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The years the Grand National never happened

In over 170 years of Grand National history, the race has been declared void by the Jockey Club only once.

In 1993, an estimated 300 million people were watching the race either at Aintree itself or on live television. Over £75 million had been placed in bets.

There was confusion with anti-race protestors at the first fence on the track before the race which didn't help matters. But much worse was to come. After an initial false start, there was a second, but the recall flag was not waved.

Sadly, just nine of the 39 riders understood it was a false start, and the others set off without realising.

Eleven riders completed the first circuit before pulling up as they became aware of the mistake. But seven riders completed the race, ignoring the shouts of the crowd and the officials waving flags to get them to stop.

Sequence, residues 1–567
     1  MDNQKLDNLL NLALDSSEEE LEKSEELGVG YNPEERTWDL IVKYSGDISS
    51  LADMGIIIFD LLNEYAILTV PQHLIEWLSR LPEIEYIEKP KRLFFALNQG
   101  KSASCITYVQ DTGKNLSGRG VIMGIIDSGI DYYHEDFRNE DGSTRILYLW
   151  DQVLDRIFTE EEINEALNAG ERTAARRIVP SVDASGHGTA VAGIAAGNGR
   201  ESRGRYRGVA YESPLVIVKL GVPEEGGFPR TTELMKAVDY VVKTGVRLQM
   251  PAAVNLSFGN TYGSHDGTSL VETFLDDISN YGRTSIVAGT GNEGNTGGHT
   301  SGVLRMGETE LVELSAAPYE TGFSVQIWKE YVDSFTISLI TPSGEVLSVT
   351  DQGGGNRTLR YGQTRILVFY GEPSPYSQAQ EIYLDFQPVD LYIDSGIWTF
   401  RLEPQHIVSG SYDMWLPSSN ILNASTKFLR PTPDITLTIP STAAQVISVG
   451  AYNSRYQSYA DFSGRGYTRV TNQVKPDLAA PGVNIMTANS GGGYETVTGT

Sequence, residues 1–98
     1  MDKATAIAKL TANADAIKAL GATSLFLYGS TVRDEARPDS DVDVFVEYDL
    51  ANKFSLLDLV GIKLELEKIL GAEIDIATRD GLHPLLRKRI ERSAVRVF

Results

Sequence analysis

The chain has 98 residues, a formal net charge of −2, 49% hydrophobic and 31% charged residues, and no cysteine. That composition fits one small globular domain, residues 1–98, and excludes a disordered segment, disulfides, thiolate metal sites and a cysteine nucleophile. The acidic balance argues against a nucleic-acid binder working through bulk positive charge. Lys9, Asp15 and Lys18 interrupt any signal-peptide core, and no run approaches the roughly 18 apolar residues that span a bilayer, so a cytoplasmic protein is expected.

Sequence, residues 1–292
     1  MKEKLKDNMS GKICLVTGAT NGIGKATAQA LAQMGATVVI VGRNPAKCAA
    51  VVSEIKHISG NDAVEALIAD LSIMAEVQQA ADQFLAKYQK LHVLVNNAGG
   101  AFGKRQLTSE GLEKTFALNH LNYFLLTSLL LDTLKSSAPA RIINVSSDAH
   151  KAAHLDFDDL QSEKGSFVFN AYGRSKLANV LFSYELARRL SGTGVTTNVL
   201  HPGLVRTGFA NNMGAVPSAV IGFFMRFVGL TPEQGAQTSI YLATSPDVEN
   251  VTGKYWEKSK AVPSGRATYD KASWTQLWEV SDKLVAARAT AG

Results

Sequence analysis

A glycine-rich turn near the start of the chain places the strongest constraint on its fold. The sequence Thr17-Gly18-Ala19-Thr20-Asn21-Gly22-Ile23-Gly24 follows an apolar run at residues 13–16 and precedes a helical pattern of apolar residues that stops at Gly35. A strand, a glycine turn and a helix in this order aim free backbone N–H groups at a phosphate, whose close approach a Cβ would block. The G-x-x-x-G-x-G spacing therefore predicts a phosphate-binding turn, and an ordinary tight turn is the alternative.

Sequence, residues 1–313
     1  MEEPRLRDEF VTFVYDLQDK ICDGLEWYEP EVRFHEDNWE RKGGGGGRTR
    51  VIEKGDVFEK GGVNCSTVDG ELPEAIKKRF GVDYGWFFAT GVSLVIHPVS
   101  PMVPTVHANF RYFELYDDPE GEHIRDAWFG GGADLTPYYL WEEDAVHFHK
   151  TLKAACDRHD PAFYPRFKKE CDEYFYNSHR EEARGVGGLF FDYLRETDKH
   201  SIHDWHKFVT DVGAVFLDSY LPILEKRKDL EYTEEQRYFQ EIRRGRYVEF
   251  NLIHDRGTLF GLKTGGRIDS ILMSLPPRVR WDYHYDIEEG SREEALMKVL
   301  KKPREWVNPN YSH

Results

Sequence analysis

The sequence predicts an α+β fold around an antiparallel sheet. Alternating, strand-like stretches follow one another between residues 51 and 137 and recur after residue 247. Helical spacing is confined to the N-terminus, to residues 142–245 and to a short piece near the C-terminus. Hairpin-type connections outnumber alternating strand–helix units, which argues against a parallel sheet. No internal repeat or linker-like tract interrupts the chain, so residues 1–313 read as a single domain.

Apparently some of the jockeys had mistaken the officials as another group of protestors causing further disruption. Trained by Jenny Pitman and ridden by John White, Esha Ness was the first horse to finish the National that never was.

Just a few years later in 1997, a suspected IRA bomb threat meant that the Grand National had to be postponed for two days. Two warnings with recognised IRA code-words were received before the jockeys had mounted. The bomb warning led to the largest ever evacuation of a sporting event as 60,000 people were evacuated from Aintree and 100 horses had to be left unattended for four hours.

Suny Bay's stable lad, Phil Sharp, initially left with the mass evacuation, but came back to water and care for the horses until they were retrieved later. Police carried out two controlled explosions at Aintree that day. The 1997 Grand National was re-run on 7 April, with jockey Tony Dobbin winning by an emphatic 25 lengths on Lord Gyllene.

Fortunately, these are the only two unscheduled blips in Grand National racing history. Otherwise the race has run year after year since 1839, even continuing through World War One, with three races taking place at Gatwick Racecourse, an old course that has since become part of Gatwick Airport - though during the second world war, the Grand National was officially suspended from 1941-45.

The draw of the Grand National is it's inherent unpredictability, one never knows exactly what will be instore for the next one.

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